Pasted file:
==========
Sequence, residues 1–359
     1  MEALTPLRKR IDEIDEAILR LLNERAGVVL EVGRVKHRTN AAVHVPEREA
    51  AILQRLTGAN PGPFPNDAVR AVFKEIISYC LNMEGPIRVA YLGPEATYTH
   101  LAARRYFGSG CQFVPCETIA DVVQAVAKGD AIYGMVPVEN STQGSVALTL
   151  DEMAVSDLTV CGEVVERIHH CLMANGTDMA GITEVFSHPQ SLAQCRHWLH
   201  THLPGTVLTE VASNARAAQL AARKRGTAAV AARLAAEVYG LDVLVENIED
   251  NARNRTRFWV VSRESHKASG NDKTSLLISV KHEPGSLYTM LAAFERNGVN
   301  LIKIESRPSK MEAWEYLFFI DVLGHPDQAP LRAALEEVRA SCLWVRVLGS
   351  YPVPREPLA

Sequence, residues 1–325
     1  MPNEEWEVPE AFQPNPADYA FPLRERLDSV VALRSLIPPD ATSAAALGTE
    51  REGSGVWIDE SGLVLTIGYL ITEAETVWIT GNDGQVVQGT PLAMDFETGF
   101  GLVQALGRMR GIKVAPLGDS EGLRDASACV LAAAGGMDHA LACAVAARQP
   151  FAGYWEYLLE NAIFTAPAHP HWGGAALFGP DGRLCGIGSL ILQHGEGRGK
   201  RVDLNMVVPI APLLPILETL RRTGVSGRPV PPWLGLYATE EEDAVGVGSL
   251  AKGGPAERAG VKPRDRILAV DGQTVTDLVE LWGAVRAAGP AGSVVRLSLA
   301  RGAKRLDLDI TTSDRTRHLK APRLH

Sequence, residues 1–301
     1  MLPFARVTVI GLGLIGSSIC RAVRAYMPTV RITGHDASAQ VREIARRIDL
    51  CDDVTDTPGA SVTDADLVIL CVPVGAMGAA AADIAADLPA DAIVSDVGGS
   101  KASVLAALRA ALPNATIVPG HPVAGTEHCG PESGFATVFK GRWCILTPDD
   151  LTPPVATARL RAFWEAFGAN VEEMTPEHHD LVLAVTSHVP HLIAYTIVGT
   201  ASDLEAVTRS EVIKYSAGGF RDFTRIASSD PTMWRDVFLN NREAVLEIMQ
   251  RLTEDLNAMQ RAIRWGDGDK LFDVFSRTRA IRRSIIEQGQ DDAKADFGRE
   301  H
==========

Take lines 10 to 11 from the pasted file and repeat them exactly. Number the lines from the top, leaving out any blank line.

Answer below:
Sequence, residues 1–325
     1  MPNEEWEVPE AFQPNPADYA FPLRERLDSV VALRSLIPPD ATSAAALGTE